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    ABSTRACT: Homing of inflammatory cells to the liver is key in the progression of non-alcoholic steatohepatitis (NASH). An abnormal response of CD4+ T cells from obese mice to the chemotactic effect of CXCL12 has been reported but the mechanism involved in this process and relevance in patients are unknown. We aimed to explore the mechanism involved in the abnormal chemotaxis of CXCL12 in several mouse models of NASH and the relevance in the context of human non-alcoholic fatty liver disease (NAFLD). We assessed chemotactic responsiveness of CD4+ T cells to CXCL12, the effect of AMD3100, a CXCR4 antagonist, in mice and lymphocytes from patients with NAFLD, and the affinity of CXCL12 for CXCR4. CXCL12-promoted migration of CD4+ T cells from 3 different mouse models of NASH was increased and dependent of CXCR4. CD4+ T cells from patients with NASH, but not from patients with pure steatosis, responded more strongly to the chemotactic effect of CXCL12, and this response was inhibited by AMD3100. Treatment with AMD3100 decreased the number of CD4+ T cells to the liver in ob/ob mice. CXCL12 expression in the liver, CXCR4 and CXCR7 expression in CD4+ T cells were not increased in 3 different mouse models of NASH. However, the affinity of CXCL12 for CXCR4 was increased in CD4+ T cells of ob/ob mice. In conclusion, the CXCL12/CXCR4 pathway contributes in both mice and patients to the enhanced recruitment of CD4+ T in NASH. An increased affinity of CXCL12 to CXCR4 rather than a higher expression of the chemokine or its receptors is involved in this process.
    Clinical Science 07/2014; 128(4). DOI:10.1042/CS20130833 · 5.60 Impact Factor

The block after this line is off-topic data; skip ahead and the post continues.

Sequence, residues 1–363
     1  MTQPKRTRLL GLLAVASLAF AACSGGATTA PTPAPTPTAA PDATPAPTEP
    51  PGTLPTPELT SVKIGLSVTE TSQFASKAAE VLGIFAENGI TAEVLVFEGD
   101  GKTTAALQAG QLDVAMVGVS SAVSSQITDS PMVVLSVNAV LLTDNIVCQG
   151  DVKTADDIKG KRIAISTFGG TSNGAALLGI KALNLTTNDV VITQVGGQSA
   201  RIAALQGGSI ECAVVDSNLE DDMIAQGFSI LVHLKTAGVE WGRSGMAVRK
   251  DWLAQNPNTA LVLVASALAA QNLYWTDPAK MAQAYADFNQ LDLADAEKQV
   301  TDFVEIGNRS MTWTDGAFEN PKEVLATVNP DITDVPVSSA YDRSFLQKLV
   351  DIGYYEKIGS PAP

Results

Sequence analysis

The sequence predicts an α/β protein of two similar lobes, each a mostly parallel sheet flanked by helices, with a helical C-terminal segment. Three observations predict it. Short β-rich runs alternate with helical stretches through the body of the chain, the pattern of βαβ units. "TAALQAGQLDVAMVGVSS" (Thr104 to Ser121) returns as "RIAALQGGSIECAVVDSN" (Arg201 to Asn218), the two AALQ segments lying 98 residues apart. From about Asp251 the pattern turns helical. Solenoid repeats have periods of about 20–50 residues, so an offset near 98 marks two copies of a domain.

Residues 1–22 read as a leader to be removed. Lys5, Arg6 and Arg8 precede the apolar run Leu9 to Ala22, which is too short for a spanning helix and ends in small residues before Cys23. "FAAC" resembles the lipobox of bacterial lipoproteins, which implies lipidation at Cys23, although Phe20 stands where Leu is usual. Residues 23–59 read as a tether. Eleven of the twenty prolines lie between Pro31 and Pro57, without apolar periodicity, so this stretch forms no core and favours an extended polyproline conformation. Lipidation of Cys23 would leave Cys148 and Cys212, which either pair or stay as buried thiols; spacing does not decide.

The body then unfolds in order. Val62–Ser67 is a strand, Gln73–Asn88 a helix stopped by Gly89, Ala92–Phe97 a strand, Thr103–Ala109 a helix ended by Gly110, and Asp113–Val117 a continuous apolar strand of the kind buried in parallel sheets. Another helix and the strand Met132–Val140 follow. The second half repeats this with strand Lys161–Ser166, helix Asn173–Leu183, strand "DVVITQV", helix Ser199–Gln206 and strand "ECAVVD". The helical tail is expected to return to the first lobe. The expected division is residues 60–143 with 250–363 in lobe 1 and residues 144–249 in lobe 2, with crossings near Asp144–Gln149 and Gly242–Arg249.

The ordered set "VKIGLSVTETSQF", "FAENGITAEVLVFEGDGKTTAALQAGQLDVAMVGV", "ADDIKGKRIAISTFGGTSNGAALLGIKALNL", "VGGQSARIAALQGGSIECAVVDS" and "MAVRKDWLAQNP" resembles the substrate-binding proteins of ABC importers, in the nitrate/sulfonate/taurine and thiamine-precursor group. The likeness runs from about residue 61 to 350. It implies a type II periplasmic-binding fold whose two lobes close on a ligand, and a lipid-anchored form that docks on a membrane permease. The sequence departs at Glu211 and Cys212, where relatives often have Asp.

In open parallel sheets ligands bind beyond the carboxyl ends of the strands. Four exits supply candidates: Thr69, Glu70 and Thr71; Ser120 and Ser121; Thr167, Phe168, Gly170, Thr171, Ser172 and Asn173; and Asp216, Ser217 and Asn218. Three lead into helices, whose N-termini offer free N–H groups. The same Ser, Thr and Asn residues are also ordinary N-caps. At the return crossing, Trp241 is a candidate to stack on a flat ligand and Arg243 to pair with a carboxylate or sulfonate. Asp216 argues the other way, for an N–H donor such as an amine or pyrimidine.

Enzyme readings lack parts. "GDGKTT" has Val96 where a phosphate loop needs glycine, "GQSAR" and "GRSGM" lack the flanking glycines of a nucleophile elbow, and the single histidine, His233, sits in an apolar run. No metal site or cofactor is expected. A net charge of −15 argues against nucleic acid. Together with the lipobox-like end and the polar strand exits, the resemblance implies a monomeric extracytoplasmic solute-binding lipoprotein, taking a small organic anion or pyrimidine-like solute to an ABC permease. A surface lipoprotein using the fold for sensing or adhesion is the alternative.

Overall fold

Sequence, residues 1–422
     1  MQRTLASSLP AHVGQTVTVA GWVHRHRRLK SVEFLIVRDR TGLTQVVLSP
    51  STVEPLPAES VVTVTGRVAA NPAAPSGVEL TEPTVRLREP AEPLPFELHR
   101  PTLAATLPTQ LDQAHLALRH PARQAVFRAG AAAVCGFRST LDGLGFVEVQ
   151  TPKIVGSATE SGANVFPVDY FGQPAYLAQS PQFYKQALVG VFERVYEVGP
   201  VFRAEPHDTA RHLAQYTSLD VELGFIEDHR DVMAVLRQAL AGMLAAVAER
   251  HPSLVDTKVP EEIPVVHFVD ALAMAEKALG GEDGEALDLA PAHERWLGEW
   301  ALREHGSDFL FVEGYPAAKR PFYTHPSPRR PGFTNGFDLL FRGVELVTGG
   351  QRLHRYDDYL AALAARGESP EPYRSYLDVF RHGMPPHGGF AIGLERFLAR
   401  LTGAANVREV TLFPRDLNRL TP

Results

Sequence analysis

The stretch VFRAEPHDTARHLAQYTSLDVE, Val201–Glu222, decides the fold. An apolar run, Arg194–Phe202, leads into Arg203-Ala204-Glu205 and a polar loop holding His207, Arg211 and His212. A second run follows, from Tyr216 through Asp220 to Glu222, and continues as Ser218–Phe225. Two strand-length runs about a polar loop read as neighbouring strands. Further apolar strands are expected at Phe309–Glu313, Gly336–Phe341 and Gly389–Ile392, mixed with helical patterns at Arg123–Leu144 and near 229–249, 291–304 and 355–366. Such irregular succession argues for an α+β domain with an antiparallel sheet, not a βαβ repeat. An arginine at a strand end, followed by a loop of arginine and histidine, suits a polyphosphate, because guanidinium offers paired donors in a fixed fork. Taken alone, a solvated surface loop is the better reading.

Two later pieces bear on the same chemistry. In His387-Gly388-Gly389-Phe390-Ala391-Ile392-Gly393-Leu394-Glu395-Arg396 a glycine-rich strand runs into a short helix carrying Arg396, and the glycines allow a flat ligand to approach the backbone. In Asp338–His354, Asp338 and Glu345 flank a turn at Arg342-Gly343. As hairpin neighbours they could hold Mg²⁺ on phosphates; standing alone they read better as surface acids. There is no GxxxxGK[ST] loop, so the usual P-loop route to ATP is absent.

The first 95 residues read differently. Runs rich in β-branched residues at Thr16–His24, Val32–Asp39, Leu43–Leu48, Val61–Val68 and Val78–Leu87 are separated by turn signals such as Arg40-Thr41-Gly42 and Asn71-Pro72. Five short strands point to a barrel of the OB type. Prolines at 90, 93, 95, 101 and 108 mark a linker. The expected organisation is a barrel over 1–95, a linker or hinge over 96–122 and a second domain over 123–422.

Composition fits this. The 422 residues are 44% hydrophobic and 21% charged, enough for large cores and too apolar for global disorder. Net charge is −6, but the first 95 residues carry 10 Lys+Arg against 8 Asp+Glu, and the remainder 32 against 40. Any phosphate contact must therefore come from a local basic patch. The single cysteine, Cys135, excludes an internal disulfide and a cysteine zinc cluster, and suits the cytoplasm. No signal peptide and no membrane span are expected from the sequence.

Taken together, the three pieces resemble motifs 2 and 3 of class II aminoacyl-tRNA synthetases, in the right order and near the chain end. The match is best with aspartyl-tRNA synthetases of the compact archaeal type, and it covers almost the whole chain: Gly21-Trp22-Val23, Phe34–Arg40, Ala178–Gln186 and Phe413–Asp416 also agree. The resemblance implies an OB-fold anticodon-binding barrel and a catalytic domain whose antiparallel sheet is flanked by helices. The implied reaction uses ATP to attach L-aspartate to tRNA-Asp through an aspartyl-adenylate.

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    ABSTRACT: Introduction Liver surgery was one of the last fields to be conquered by laparoscopy, which has become safe and effective, especially for left lateral sectionectomy (LLS) and limited peripheral resections. However, major hepatectomies remain challenging. Laparoendoscopic Single-Site (LESS) surgery is being employed for an increasing variety of surgical sites and indications. Presentation of cases Three patients underwent LESS hepatectomy. A 36-year-old woman had LLS for a 38-mm adenoma, an 85-year-old woman an atypical resection of segment VI for a 12-mm hepatocellular carcinoma and a 41-year-old woman an atypical right anterior resection for a 9-cm symptomatic FNH. Procedures were performed transperitoneally with a single-port device, via a 20-mm or 30-mm incision. Operative times were 110 min for LLS, 100 min for the atypical segment VI resection and 120 min for the atypical right anterior liver resection. Blood loss was less than 50 ml in the first two patients and 150 ml in the third. Postoperative courses were uneventful. The first two patients were discharged on postoperative day 3 and the third on postoperative day 1. Discussion To date, some case reports and series of LESS liver surgery have been published. We performed the reported hepatectomies after a considerable experience in laparoscopic hepatic surgery and after applying the LESS approach to other procedures. Our hepatectomy technique was not modified by the use of the single-port and results were very encouraging. Conclusions We believe that in selected patients, both peripheral resections and LLS are feasible by LESS surgery, with good intra-operative and post-operative results.